What Are We Doing Here?

“The meaning of life is to find your gift. The purpose of life is to give it away.” (Pablo Picasso)

Attribution: Donna CameronOver the last couple of weeks, we’ve been reminded—by their loss—of what a difference one person can make in the world and in the lives of others. While Aretha Franklin and John McCain shared very little in common in their lives or their vocations, they did share a generosity of spirit and passion for something much bigger than themselves. I’ve cried as I watched, read, and listened to eulogies and shared memories of these luminaries—cried for their loss, cried for the fact that what they represent is becoming rarer and rarer in public life, and for the families, friends, and admirers who will feel their loss forever. I’ve also laughed frequently—at the stories and remembrances, the pure joy and celebration that their lives inspired, even in death. I have been reminded of a favorite line from the brief, but exquisite, D.H. Lawrence poem, “When the Ripe Fruit Falls”:

When fulfilled people die
the essential oil of their experience enters
the veins of living space, and adds a glisten
to the atom, to the body of immortal chaos.

With these thoughts in my mind as I read Leonard Pitts’ recent column, “With all due respect, President Trump, what do you want people to say at your own funeral?” I was left with an abiding pity for Donald Trump. Yes, I still dislike the man, despise what he stands for, and despair over the damage he and his accomplices have inflicted on our country and the world. Yet, I pity him, for he will never know the love Aretha Franklin and John McCain knew. He will not die with the peaceful knowledge that he has done his best and given his all. Read Leonard Pitts’ column. It’s perfect. Because even though he’s speaking to Donald Trump, he’s speaking to the rest of us, too.

Lastly, I offer a three-year-old blog post of my own, asking us to think about our own legacy.

11 thoughts on “What Are We Doing Here?

  1. I also watched and read and listened and was moved to tears over and over again — and at the same time, I was inspired. Both services reminded me there are still good people on this earth, even though sometimes it feels like we’re losing them one after another, too quickly and too soon — but as we saw with Aretha Franklin and John McCain, even in death they have given us a gift and taught us important lessons. Interesting that you say that you pity Donald Trump, despite disliking him. I wrote a blog post a while back saying the very same thing.

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    • It’s hard not to feel some pity for him–he seems to be friendless, clueless, heartless, and shameless. That leaves a pretty big void, which he tries to fill with money and self-aggrandizement. But in the end, they are just as empty. Loved your blog today, Fransi. Glad there are so many articulate people making wise observations. That includes both you and Dave Leonhardt.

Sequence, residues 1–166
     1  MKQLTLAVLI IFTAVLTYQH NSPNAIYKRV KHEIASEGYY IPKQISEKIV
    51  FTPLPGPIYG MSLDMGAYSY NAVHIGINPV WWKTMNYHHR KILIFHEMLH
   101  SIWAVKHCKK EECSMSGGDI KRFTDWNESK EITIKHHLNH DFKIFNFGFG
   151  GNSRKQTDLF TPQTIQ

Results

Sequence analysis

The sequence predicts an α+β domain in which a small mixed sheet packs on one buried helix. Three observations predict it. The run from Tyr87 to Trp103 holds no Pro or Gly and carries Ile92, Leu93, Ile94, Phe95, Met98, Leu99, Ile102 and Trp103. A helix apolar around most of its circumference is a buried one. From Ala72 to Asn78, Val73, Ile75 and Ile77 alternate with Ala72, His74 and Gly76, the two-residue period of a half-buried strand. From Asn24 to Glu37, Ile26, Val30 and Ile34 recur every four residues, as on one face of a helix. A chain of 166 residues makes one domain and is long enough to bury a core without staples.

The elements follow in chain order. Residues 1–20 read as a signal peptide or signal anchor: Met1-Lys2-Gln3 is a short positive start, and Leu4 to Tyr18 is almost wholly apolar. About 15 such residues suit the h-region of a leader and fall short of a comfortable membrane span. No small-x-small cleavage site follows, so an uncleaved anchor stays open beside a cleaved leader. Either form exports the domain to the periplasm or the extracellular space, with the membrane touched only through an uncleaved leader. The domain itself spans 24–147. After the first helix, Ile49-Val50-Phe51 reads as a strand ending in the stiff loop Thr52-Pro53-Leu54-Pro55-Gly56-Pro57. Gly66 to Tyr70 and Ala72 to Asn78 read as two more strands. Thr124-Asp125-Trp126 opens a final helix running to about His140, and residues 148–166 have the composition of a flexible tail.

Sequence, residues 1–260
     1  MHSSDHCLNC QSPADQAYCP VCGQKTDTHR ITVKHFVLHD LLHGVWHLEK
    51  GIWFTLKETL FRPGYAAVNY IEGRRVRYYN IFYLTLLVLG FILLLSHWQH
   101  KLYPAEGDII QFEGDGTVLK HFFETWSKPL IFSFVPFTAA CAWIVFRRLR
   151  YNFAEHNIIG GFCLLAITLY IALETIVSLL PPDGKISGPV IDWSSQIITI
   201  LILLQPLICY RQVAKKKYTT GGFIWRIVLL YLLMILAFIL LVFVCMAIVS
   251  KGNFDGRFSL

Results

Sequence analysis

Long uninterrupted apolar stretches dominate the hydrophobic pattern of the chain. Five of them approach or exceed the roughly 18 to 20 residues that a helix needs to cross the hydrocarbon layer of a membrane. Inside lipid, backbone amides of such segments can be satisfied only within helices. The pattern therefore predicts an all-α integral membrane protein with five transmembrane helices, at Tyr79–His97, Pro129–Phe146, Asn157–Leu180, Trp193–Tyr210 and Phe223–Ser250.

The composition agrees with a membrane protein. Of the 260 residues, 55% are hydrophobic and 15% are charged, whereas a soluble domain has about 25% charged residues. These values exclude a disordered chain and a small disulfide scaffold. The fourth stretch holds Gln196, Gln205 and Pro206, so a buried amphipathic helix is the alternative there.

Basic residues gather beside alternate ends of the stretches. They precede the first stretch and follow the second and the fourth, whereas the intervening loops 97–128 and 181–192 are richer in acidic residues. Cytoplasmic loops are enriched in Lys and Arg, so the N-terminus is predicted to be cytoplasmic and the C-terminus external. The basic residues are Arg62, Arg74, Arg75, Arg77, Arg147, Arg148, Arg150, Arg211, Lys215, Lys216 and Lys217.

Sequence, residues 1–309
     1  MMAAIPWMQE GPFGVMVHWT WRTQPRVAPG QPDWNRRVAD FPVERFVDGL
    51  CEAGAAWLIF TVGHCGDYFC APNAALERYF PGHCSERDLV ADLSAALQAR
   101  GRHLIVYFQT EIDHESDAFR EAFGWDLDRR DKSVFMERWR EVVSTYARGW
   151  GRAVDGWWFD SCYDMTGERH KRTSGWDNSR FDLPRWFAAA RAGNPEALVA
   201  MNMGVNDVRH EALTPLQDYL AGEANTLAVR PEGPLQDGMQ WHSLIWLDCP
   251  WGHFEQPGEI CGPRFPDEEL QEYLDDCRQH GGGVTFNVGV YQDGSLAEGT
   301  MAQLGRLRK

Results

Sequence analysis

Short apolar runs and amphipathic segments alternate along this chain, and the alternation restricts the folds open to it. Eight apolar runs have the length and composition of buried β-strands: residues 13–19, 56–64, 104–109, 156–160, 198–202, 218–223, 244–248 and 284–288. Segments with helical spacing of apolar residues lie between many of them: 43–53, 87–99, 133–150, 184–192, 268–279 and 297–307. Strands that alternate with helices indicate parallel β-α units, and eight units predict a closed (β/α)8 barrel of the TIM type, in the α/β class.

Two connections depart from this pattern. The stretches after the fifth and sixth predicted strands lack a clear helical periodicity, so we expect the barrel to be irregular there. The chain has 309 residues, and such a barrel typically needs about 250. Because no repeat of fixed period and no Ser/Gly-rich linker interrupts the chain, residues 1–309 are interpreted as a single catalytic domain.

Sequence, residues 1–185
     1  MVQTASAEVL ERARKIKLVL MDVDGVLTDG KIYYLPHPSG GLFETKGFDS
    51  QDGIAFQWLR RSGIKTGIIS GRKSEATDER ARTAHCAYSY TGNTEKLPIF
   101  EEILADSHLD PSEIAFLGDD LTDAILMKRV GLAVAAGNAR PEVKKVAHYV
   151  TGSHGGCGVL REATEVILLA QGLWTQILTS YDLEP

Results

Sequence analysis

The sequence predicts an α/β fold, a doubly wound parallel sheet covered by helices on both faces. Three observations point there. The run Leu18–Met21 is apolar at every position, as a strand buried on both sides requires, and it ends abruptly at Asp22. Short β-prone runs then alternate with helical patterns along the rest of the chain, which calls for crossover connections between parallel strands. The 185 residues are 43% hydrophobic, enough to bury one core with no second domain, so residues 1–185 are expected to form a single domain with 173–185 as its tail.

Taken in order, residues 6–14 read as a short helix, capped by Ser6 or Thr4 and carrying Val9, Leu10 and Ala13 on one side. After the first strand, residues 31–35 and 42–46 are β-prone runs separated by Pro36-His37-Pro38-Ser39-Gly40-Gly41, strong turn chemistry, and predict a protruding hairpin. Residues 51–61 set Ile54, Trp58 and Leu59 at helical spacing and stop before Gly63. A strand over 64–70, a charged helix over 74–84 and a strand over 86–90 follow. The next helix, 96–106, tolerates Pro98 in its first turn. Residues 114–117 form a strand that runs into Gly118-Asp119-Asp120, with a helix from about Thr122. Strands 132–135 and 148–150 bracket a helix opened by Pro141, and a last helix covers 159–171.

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      • I agree, although it’s understandably difficult for a lot of people. I get it, he is an awful person. Glad you enjoyed the blog. Thanks for including me in the same sentence as Dave Leonhardt — if I could think, opine and write half as well as he does, I’d be over the moon 😊

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  2. Count me as one of those who can’t find pity in my heart for him. I think people have – certainly at his age – plenty of opportunities to be kind and do good. When they make the choice, over and over, not to, then my well of pity runs dry. Thank you for the link to Mr Pitt’s article, I think it was right on. And thank you also for the link to your earlier post. It was beautifully written and quite thought provoking. I do hope a lot of nice things will be said at my funeral (very far in the future) but they also might want to mention what a great parallel parker I was 😊.

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    • I never entirely mastered parallel parking, Janis. It’s either hit or miss (quite literally). So, I’ll drive around and around ‘til I find a spot that I can navigate without risking my insurance premiums. I’m not looking forward to Trump’s funeral–I prefer envisioning him wearing an orange jumpsuit as he does 6-10 in a federal penitentiary. I know it’s not a kind wish, but there it is.

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  3. You can tell a lot about a person by what is said at their funerals, and both Aretha Franklin and John McCain were perfect examples of that. I only wish we would learn to say those things while people were still alive. And I agree that thinking about what we want to be remembered for when we are gone is a great way to evaluate how we’re living our lives! Thanks for this post.

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  4. Such an excellently thought-provoking post, thank you. So many resonances in this and your earlier post, together with the linked items.

    Having clicked ‘follow’ I shall spend some time in catching up with your previous writings over the next few weeks/months.

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